Author’s Note: I’ve been siting on this post for a while, so some of the articles or issues mentioned might be a bit dated. However, the sentiment is still very much the same; I’m just too lazy to go find new and current examples to discuss.
Sometimes it feels like the world is too much to handle.
Everyone’s angry about something. Everyone’s protesting and yelling and shaking their fists. There’s so many things that I’m supposed to be mad about. Oil drilling, fraking, GMOs, vaccines, politicians, war, women’s rights, gay rights, trans rights, minimum wage, unions, race, standardized testing, the economy, religion– and that’s just what I see on my Facebook page on any given morning. And within each of these issues, there’s countless sub-issues for me to be mad about; it’s not enough to just be angry about women’s rights, now I can also be mad about women’s reproductive rights, women’s pay gap, women’s rights to stay at home with their children, women’s rights to work after having kids, women’s rights to breastfeed in public, women’s rights to not look like a Victoria Secret model, women’s rights to not get raped on college campuses, and women’s rights to wear flat shoes on the red carpet at the Cannes film festival. Each one of these issues fighting for my eyeballs and my outrage, begging me to take up the cause and fight for change.
Not that some of these things don’t make me angry. There are a few of these issues that really do make me fume and spit and want to swing a burning bra above my head, regardless of the issue. (Because when you swing a burning bra above your head, people tend to listen to what you have to say. Or at the very least, stop what they’re doing and look at you and say, “Holy shit, is that a flaming Body by Victoria Secret? Does she know those things aren’t cheap?”) Issues that I hold dear to the tenderest part of my heart because I can see the direct affects on myself and those that I love.
And then there’s other issues that I try to learn about. Not because I’m particularly attached to them or their ramifications, but because I feel that as a member of a community, a country, and humanity in general, it’s my responsibility to not only strive for changes that I feel will better my life and the lives of those I love, but to understand the hardships and concerns of others. Maybe I don’t agree with the changes that someone else would like to see, but I need to at least understand the circumstances that has driven them to seek such change, what changes they would like to see, and how those changes might affect other members of society. Maybe I’ll form an opinion of their particular issue and take a side, and maybe I won’t, but at the very least, I feel that it’s my responsibility to have a working, subjective knowledge of the issue, and what both sides have to say.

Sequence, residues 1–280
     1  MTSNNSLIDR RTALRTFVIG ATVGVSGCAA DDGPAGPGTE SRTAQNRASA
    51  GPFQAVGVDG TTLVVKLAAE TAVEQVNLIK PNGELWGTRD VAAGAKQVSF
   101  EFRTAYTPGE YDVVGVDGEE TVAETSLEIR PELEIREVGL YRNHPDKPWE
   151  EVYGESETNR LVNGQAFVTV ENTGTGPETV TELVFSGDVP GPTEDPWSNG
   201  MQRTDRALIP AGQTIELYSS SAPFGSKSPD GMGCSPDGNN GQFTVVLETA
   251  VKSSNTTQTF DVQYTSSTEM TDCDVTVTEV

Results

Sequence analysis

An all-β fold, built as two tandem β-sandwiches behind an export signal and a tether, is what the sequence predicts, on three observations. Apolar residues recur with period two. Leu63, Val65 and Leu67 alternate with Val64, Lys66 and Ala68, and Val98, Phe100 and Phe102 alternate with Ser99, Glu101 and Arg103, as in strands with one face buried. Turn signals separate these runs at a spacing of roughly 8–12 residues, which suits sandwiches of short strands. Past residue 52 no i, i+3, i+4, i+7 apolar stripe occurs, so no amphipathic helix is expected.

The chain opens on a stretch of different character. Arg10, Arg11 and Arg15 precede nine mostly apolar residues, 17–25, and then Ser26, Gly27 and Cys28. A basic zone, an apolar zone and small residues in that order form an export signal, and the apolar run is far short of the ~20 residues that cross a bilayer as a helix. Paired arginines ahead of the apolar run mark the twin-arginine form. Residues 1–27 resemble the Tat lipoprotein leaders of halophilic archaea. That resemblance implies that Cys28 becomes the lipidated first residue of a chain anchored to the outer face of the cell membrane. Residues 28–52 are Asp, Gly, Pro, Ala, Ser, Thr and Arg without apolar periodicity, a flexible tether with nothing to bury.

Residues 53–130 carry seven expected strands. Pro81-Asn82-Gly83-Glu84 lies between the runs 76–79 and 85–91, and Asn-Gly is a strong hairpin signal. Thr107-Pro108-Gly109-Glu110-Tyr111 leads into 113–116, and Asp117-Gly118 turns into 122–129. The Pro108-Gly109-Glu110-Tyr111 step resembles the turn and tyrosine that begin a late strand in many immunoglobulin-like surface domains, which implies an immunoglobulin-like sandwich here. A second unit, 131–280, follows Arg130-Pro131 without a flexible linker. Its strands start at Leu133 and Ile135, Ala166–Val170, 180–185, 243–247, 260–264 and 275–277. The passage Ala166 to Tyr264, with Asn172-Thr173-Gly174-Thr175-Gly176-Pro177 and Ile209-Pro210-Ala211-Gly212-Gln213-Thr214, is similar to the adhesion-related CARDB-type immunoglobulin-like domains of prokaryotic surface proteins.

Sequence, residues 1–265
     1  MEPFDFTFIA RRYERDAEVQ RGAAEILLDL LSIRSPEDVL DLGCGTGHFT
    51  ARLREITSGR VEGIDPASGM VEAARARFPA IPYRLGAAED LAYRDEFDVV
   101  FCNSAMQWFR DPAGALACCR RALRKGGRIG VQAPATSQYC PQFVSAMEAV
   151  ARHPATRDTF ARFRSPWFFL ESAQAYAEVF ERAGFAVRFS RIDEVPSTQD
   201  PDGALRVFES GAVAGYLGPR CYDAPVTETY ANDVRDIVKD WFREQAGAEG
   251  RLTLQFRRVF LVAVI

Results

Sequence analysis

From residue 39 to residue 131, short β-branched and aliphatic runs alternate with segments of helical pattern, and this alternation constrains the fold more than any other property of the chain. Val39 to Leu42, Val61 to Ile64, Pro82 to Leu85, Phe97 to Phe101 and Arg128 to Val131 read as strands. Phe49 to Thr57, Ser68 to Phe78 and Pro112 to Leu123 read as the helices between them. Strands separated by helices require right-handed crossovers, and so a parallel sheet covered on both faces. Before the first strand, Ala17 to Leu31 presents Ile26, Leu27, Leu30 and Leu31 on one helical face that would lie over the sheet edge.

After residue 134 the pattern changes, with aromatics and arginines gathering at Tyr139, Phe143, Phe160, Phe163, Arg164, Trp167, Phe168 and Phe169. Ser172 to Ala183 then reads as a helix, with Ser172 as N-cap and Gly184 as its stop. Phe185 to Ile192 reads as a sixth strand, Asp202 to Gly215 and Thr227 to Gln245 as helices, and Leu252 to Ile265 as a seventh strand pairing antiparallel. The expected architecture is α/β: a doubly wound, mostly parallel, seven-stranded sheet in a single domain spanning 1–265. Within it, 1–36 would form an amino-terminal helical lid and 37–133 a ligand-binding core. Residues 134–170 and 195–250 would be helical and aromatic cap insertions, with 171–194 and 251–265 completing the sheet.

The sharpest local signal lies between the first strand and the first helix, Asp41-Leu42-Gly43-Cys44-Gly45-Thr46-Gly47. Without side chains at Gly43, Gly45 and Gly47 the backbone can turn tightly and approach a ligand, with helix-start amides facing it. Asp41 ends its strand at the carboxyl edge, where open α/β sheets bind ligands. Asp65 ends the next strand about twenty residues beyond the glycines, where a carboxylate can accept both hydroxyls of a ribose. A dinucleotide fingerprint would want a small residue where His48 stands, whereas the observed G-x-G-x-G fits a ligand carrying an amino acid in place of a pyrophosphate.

Basically, if I want to have an opinion, I feel like I have to earn to right to do so.
And that, ladies and gentlemen, is when things get overwhelming. I try to learn. I read as much as I can, from as many resources as I can. I try to ensure that the resources that I’m reading are as unbiased as possible, or, if it’s an opinion, that it’s framed as an opinion and keep that and their potential biases in mind. But it’s so fucking hard to know who to trust! As Kyle often says, “The internet has given everyone a bullhorn, including people who probably shouldn’t have one.” At best, I find myself reading the poisonous ramblings of a passionate, but uninformed wackadoo, who took the time to put word to the anger and hate they feel in their chest, but not the time to understand the full context or complexity of said issue. These people are unhelpful and detrimental to a small, easily influenced few, but they’re relatively harmless to most of us. They’re pretty easily identified, and equally easily avoidable.
No, the ones who cause the most damage are the ones who frame their equally narrow views and out-of-context ramblings as journalism. And not because they’re that passionate about this particular issue, but because they want as many clicks and as many shares as possible. They know the concerns, fears, and passions of their readers, and they feed off of and into them. Dangling ridiculous, shock-inducing, “You won’t believe whatever bullshit we’ve dug up, probably because it’s complete bullshit!” headlines for the reader to clamp onto and shake like a dog with one of those limp, dead carcass toys.